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US Air Force demonstrates new refueling techniques at Joint Base McGuire-Dix-Lakehurst

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The US Air Force is changing the way it operates its tanker fleet. This comes amid new challenges from China and Russia.

Joint Base McGuire-Dix-Lakehurst held a demonstration on Tuesday showing new techniques that keep planes on the ground for less time when in combat zones.

“We are constantly looking to do things better, faster and more efficiently,” said Major Eric “Rebel” Emerson.

A New Jersey Air National Guard F-16 Fighting Falcon flew from Atlantic City to Burlington County as part of the protest. Flight time was five minutes. Emerson was in charge.

“I’ve been to Afghanistan, the United Arab Emirates, Iraq, Syria, the Horn of Africa,” he says.

If the plane needs a refuel in the sky after a flight or a long patrol, Emerson can turn to one of the Air Force’s KC-135 Stratotankers for fuel.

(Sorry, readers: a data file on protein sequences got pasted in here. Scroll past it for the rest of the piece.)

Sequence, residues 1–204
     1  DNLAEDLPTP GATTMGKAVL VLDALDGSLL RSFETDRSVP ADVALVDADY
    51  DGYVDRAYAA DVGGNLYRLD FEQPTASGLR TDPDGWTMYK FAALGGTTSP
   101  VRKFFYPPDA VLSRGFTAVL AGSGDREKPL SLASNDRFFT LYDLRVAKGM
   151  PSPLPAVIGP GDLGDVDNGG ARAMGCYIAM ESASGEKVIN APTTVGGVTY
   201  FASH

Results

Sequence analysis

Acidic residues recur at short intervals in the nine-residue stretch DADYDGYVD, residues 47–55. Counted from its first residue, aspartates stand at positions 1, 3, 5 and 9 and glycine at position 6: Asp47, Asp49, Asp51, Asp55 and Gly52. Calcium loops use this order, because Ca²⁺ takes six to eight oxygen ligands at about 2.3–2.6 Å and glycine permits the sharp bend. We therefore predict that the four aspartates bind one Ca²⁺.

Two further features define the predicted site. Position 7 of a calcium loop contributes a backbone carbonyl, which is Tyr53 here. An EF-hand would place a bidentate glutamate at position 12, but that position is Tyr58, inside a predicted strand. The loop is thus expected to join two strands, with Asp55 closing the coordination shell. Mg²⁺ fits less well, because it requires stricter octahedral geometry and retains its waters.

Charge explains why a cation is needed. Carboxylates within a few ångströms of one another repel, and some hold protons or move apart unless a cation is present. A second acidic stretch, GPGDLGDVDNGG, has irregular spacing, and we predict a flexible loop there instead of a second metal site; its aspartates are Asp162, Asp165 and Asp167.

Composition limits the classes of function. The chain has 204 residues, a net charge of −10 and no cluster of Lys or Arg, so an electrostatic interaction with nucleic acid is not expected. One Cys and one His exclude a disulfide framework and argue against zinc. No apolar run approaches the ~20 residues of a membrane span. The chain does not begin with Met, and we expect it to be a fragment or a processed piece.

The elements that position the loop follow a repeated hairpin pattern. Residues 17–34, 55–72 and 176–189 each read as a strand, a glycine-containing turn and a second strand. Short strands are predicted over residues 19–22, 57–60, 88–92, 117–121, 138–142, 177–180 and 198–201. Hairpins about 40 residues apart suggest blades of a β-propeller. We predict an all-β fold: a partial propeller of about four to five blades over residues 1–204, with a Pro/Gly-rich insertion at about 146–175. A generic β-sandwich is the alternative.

But who fills up the flying gas station?

“My personal opinion: we are the elite tanker group,” says Sgt. Herbert Grant.

On Tuesday, members of the 141st Air Refueling Squadron and 108th Aircraft Maintenance Squadron gathered to train and demonstrate a new technique that can keep Air Force tankers that enable aerial refueling around the world whole safer and more efficient.

During a typical refueling, all engines are shut down. But leaving one engine running reduces refueling time from five hours to one hour, which is essential in a potential combat situation.

“We could take off a lot faster, so by doing that we would have a better chance of landing somewhere and getting back in the air in a hostile environment,” explains the technical sergeant. James Kirchofer.

“It increases our survivability by reducing the time it takes to take off in the event of incoming missiles,” says Lt. Col. Matthew Brito.

So-called “hot pit refueling” is part of a larger Air Force strategy that the Pentagon has dubbed “Agile Combat Employment.” Service members tested it recently during a training exercise at an air base in Puerto Rico.

“They’re used to seeing big planes take off at two-minute intervals,” says Brito. “We did it in just over 10 seconds.”

The next deployment of the KC-135 tankers will be in the Western Pacific Ocean.